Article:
Have taken far too much time watching the football. I have managed to fall out of the small routine that I have in the evenings and I am doing my own head in. It surprises me how it only takes a little disruption – like watching 22 men play the beautiful game and it being available nearly every night – to throw me off my little but still quite important evening routines. These are the routines that ensure that I get stuff done such as making sure everything is ready for work next morning so I don’t find myself frantically ironing a work shirt on the kitchen counter while trying to make my lunch sandwich and avoiding getting mayonnaise on said shirt. These are the routines that get writing written, dogs walked, menus planned and families nagged. They are annoying but they are important and I have to remind myself that I am a grown up now and need to buck up. Goodness knows what my life would have been like if I had lived during the time of say..”Lark Rise To Candleford” (the book not the wishy-washy TV series.) In those days every waking moment seemed to be devoted to work to stay alive. My family would have wasted down to nothing years before now. Anyway, the football is nearly finished now so back on the wagon as they say.
The title of this blog is part of the phrase “Tarring everybody with the same brush.” I don’t know if it is just a northern phrase and I’m sure it’s roots are quite unsavory but it was the only thing I can think of. Look, if you want literary depth try Shakespeare or Jilly Cooper or something.
I had been thinking about it while reading all the stuff about bankers. It is terrible to me how these people could bring us to the point of financial meltdown by using techniques that were both immoral and, it now seems, illegal. In another age we would have dragged these people to stocks or possibly guillotines. I am not recommending this as a punishment but the lack of accountability is almost as shocking as the things that have been done. However, I was earwigging in a queue this week and heard of someone going into a bank and having a go at the girl behind the counter which concluded with a phrase along the lines of “you ******* cheating bankers are all the same!”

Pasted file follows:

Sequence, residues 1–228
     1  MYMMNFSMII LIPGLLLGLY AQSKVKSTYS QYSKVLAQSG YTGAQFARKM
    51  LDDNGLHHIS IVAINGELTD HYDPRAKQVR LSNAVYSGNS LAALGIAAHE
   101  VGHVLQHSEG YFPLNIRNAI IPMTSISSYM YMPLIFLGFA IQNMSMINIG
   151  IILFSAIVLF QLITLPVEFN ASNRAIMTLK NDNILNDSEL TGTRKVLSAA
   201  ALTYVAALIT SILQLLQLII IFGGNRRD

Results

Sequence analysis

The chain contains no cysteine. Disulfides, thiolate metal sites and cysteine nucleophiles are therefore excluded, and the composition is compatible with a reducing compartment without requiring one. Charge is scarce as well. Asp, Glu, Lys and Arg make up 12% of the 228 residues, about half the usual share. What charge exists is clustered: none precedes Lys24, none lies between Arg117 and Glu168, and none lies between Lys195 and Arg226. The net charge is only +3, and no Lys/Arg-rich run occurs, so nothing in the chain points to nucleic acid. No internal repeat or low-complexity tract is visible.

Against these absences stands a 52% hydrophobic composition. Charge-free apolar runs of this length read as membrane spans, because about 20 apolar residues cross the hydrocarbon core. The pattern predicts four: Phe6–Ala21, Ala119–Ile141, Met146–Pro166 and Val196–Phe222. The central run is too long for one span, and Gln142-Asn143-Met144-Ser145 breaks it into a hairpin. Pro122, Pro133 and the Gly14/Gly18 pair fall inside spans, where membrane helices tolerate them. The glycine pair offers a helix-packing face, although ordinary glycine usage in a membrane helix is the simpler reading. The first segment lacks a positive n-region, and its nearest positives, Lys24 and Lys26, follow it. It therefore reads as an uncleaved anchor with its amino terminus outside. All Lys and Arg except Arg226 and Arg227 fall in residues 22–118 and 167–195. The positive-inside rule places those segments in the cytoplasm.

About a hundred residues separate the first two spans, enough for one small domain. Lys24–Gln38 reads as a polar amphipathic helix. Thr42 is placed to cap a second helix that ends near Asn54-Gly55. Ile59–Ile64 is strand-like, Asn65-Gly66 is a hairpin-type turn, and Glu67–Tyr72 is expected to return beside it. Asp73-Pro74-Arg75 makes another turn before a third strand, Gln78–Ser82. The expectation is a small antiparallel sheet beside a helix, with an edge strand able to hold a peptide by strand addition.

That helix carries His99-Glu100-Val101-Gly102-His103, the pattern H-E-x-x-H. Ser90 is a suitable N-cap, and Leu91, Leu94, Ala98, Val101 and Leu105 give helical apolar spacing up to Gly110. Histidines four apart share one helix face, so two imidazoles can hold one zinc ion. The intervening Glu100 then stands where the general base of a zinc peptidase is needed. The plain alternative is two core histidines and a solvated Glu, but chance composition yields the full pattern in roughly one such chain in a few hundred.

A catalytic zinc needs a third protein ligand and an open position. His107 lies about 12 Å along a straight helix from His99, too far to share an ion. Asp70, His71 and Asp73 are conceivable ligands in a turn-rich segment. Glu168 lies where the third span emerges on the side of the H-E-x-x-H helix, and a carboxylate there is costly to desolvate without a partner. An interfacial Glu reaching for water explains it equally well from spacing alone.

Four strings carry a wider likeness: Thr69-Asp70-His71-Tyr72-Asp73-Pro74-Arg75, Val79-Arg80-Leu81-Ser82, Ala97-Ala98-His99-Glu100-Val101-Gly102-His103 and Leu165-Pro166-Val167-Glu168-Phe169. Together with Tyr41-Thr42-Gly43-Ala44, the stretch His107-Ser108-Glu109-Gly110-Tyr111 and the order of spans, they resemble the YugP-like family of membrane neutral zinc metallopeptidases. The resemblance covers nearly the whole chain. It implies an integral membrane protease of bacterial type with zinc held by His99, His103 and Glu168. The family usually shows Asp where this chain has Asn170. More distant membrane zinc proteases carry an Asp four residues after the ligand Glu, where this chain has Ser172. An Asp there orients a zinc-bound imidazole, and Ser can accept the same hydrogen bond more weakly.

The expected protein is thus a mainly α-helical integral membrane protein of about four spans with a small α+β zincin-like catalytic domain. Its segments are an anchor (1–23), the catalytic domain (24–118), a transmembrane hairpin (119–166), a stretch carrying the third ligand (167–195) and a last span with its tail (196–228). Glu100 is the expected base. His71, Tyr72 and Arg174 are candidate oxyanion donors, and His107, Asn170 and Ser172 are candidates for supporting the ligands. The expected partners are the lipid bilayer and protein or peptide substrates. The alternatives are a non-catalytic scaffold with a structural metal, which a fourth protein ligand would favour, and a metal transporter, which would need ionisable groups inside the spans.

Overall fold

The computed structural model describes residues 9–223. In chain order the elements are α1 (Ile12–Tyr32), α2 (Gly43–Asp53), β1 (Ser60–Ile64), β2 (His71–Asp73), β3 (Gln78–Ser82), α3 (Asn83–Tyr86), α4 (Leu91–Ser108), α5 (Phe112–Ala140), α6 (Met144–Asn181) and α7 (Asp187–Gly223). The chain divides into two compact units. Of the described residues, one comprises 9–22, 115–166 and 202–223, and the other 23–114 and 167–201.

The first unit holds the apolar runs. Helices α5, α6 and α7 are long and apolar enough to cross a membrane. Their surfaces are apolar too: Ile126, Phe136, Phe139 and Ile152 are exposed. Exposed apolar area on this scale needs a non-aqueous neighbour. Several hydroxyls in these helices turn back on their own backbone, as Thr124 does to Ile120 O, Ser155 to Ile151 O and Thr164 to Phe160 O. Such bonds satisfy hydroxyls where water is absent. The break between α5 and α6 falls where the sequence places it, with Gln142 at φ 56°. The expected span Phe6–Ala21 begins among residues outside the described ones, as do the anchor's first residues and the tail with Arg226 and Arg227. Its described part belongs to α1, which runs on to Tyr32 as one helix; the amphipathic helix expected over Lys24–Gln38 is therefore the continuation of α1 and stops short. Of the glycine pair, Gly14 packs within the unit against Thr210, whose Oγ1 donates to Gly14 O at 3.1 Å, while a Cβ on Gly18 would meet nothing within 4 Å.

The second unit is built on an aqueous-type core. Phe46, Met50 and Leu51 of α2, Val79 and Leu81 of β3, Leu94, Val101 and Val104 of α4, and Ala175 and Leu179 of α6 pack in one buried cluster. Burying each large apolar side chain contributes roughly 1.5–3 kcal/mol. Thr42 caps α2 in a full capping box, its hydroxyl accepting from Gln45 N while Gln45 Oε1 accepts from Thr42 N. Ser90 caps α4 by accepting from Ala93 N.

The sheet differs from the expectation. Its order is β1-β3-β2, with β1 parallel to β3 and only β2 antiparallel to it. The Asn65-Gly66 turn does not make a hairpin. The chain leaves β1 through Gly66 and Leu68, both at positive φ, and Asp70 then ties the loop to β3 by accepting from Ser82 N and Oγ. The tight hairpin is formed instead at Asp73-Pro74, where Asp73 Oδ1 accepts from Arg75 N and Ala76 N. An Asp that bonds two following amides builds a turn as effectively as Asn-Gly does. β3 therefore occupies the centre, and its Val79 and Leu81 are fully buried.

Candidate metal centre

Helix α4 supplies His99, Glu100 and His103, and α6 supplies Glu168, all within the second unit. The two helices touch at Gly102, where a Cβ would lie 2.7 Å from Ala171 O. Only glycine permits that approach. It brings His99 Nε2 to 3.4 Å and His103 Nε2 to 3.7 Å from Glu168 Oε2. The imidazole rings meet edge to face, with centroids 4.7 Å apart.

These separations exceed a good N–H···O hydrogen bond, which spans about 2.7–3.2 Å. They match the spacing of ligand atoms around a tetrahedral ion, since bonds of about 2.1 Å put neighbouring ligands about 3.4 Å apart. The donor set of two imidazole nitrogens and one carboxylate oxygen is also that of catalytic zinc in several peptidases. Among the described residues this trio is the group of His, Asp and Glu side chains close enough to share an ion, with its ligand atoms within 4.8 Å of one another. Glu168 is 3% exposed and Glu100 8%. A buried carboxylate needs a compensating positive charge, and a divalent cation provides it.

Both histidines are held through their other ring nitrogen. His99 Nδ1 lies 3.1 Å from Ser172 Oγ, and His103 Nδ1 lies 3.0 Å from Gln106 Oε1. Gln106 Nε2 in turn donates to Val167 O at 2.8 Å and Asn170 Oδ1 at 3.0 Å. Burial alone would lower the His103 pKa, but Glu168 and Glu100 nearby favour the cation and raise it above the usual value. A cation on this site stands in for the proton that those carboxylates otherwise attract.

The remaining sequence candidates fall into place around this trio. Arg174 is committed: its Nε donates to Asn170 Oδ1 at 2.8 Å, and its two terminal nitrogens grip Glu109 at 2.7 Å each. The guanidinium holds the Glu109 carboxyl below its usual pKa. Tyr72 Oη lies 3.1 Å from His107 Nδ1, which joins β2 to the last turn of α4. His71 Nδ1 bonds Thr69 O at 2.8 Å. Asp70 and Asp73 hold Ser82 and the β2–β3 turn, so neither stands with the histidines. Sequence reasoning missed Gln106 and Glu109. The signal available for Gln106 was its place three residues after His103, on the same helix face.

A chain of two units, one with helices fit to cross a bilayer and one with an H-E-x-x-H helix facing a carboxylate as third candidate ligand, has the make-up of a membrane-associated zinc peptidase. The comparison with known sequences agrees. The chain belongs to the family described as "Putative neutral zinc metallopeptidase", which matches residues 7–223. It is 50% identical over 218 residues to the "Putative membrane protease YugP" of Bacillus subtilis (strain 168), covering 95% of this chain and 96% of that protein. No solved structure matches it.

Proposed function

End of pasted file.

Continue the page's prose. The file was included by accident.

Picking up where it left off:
I worked in a bank for fifteen years. I have many friends who work in banks. These are nice, normal people who would no more illegally fix an interest rate than they would boil their own heads. Many of them will be able to tell you stories about the time they were called to meetings to be told that the old culture of service, relationship and good stewardship were now to be ditched in favour of sales and oh yes.. selling. I remember people with thirty years of service being told that if they didn’t like it then they needed to find somewhere else to work. These decisions had been made by people as alien to them as something bursting out of John Hurt’s belly – yet they all go under the title of “bankers”. And not everyone who works in banking sales is a twonk. Some people are though – and some are not. It’s an individual thing.
Christians suffer the same problem. If you say you are a Christian, people sometimes see you as a right wing, gay bashing, crusade approving, cheek sucking in, generally disapproving kind of person or as a pathetic softy who uses Christianity as a crutch and won’t face up to the realities of life. I wouldn’t say that I am either but you might disagree. Then again, you may know a Christian who is like the description above and have therefore decided that this is how all Christians are. Some people judge all Christians by a bad thing that was done to them by a Christian once. Is that not like judging all Mexicans by a bad thing that was done by a Mexican once? I may be a Christian chump. It doesn’t mean that my Christian friend is. Some Christians are as bad. She’s not spiritual enough because I saw her in the pub. He’s too into his own holy hole to be of any use to the church. You know the sort of thing. Being judgy is a tricky business. By tarring everyone with the same brush you might be missing out on good people and a different point of view. The banking crisis is a sad state of affairs with many innocent victims. Lots of them may have the words “bank clerk” in their job description. Be kind.
Phillipians 4 The Message
You’ll do best by filling your minds and meditating on things true, noble, reputable, authentic, compelling, gracious – the best, not the worse.